Buy U2 tickets Ticketmaster in-store or on the website?
January 28, 2005 5:52 PM   Subscribe

U2 tickets are going on sale this Sunday morning, at least for the San Jose show in April. Not having any inside contacts, what's the best way to get a pair of tickets (Ticketmaster in-store or on the website)?

The wife is absolutely wanting to go. We rarely go to concerts, Springsteen on The Rising tour was the last time, and (for reasons beyond my ken) there wasn't enough demand to sell out so my rush to be at a TM outlet that morning was unnecessary. I'm thinking that U2 will be a different story. Help? Thank.
posted by billsaysthis to Shopping (15 answers total) 1 user marked this as a favorite
I would suggest going to a TM outlet for U2, shows for famous bands usually sell out under 15 minutes.
posted by riffola at 6:05 PM on January 28, 2005

It's been a few years, but I always reloaded Ticketmaster until I got what I wanted. I'd start about thirty minutes before ticket sell and go a few hours beyond. Sometimes great seats would open up when people would 'release them' either through error or necessity. Do realize the website can be a frustrating but fruitful experience. I never enjoyed physical lines.
posted by sled at 6:06 PM on January 28, 2005

Especially after the fan club presale fiasco this week, I'd go to an outlet before I'd test my luck with Ticketmaster online. There are lots of very cranky people frothing at the mouth for tickets. Get there early. I'm waiting for the alleged third leg in the fall myself -- supposedly 30 U.S. dates as opposed to this skinny little spring leg.
posted by kittyb at 6:10 PM on January 28, 2005

In the pre-web days, we used to call a local Ticketmaster number in a different state. Usually worked pretty well.
posted by uncleozzy at 6:31 PM on January 28, 2005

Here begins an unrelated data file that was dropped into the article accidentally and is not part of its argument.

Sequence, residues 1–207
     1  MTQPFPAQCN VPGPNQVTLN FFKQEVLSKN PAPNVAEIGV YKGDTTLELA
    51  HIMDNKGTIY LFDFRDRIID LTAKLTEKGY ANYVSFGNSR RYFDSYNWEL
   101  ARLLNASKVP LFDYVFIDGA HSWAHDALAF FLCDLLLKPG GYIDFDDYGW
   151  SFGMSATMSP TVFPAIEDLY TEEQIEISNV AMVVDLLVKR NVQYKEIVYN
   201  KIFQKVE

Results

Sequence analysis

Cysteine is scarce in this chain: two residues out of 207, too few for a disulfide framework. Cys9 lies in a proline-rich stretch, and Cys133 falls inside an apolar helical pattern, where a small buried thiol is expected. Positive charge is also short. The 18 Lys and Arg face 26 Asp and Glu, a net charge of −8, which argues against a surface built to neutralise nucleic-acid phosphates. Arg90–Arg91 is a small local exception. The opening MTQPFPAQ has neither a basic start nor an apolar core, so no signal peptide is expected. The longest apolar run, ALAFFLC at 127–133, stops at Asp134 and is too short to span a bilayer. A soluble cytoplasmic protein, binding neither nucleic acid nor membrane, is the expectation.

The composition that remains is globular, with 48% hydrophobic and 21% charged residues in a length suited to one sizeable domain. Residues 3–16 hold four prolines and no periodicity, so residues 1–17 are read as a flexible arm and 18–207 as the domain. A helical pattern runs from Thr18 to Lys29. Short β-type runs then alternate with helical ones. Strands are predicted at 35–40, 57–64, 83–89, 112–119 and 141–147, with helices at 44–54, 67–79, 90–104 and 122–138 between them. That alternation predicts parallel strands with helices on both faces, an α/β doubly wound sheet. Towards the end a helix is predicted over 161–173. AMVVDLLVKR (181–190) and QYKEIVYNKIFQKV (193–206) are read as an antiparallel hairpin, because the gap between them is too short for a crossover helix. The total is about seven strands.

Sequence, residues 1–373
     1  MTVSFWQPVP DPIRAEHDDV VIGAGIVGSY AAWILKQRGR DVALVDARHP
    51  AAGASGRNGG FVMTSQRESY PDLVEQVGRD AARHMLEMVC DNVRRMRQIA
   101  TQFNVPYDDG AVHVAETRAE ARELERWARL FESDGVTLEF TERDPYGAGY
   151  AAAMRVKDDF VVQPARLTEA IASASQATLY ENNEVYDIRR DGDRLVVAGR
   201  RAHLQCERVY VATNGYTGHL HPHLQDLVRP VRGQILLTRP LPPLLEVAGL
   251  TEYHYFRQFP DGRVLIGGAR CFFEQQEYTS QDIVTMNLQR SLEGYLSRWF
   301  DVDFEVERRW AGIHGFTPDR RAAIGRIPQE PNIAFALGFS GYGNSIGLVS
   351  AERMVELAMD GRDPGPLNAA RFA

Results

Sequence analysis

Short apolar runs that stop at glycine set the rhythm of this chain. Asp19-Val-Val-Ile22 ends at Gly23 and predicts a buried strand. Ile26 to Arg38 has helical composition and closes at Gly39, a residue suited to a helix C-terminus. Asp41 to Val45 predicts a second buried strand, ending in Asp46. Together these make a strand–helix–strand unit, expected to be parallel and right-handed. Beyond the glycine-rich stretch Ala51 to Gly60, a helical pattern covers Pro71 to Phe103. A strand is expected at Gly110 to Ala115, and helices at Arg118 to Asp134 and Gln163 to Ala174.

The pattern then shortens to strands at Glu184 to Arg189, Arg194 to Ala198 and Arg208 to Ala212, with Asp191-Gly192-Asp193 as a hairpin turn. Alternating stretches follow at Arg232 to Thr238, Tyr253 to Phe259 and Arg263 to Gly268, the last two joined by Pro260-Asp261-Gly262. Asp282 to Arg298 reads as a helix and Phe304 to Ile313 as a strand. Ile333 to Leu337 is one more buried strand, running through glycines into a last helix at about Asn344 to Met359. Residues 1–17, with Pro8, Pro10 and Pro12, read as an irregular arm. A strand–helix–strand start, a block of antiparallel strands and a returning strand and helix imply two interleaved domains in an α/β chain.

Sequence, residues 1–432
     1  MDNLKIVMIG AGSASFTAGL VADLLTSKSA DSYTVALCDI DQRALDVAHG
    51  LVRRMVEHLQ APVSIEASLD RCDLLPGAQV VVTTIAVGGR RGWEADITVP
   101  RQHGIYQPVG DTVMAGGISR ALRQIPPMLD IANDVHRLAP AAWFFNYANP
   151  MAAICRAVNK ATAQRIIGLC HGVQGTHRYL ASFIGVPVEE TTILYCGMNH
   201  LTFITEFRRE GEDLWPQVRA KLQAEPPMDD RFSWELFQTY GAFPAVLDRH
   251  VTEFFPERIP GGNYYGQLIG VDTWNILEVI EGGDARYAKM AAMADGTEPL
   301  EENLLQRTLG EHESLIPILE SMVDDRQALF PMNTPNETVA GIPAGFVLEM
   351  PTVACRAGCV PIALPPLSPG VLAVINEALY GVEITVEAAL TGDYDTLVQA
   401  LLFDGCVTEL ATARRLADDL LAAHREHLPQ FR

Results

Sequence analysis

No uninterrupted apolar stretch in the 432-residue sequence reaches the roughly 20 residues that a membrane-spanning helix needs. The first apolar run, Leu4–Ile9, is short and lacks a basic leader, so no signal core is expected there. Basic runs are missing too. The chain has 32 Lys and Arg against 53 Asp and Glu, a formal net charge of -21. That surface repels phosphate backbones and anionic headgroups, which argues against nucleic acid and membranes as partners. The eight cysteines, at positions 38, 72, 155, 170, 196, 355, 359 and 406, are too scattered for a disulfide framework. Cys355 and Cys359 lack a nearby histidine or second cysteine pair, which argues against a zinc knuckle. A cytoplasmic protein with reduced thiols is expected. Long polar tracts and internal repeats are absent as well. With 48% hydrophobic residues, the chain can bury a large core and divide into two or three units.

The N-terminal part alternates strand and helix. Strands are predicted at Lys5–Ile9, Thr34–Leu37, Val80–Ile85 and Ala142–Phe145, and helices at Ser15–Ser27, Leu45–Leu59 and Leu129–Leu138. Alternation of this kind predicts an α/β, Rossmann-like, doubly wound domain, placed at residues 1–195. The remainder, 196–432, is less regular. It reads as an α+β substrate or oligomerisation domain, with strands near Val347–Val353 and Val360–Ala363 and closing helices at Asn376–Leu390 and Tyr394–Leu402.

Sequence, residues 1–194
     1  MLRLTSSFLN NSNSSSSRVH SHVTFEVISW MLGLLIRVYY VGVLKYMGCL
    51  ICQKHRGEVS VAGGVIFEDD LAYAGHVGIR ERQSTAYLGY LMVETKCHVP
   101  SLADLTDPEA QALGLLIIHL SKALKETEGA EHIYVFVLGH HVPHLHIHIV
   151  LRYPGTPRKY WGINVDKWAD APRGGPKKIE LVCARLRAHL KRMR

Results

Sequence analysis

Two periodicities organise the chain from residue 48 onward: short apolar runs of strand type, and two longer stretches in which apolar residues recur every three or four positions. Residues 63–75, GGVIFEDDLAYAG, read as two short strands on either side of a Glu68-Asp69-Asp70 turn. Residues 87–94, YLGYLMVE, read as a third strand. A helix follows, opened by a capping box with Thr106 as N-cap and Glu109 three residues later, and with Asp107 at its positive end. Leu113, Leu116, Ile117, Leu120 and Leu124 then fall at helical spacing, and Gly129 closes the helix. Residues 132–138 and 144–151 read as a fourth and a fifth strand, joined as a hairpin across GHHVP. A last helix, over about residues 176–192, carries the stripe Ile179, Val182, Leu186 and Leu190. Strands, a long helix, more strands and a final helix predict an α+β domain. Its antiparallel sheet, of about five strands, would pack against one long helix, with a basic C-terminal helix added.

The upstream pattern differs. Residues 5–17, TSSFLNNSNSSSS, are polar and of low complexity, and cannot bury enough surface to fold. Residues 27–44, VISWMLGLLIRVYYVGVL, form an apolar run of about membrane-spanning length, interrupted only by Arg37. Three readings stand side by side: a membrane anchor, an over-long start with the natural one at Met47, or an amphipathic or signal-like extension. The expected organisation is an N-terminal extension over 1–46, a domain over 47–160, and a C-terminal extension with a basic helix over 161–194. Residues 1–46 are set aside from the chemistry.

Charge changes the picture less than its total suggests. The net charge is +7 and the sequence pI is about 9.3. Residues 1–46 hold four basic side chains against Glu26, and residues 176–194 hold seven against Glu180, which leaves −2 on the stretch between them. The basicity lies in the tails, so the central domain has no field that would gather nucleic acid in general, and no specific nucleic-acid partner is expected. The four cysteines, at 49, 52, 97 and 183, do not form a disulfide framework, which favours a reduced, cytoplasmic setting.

What is this rumored third leg? I'll probably wait for that too, if there is one.

I'd love to go, the Elevation show I went to was incredible.
posted by josh at 6:45 PM on January 28, 2005

On The Rising tour, I'd go to the outlet and get a number and, if I got a good number, I stayed, but if I drew a bad number, I went home and bought tickets online.

Like kittyb said, after the presale fiasco, I'd go to an outlet.

Good luck.
posted by whatideserve at 7:03 PM on January 28, 2005

In the pre-web days, we used to call a local Ticketmaster number in a different state. Usually worked pretty well.

This can still work, a co-worker of mine did it for a Springsteen show last month. The show was in Asbury Park (in a bar), he was in Philly, he called Pittsburgh TM 10 minutes before tix went on sale. She was nice enough to allow him to spend 10 minutes requesting bogus information, while she "looked it up" for him, and at the top of the hour she hit the magic button and scored him a pair.

I guess it depends who you get.
posted by stupidsexyFlanders at 9:00 PM on January 28, 2005

Single tickets are easier to get than multiples. Get two single tickets that are in the same general section, then work your way over next to each other once you're past the ushers. Works best if seats are only used to stand in front of, as at a U2 concert.

It's a little iffy as a date, but it works good for friends.
posted by smackfu at 9:27 PM on January 28, 2005

I'm waiting for the alleged third leg ... What is this rumored third leg?

We call that a "penis."

(I'm only sayin' it because the question's been well-answered already.)
posted by kindall at 9:33 PM on January 28, 2005

Response by poster: It's a little iffy as a date, but it works good for friends.

I did mention this is for my wife and me, the seats need to be together trust me.

Thanks everybody for the input.
posted by billsaysthis at 9:53 PM on January 28, 2005

I've had to go the TicketBastard route on more than a number of occasions for Phish tickets, which sold out in seconds for smaller shows, if you can believe it. Here's what I learned.

Civil Disobedient's Great Guide to Getting Face
  • 1. Avoid TM if at all possible. Being a member to, or a friend of a member to the fan club can get you access to the batches of tickets eligible for pre-order.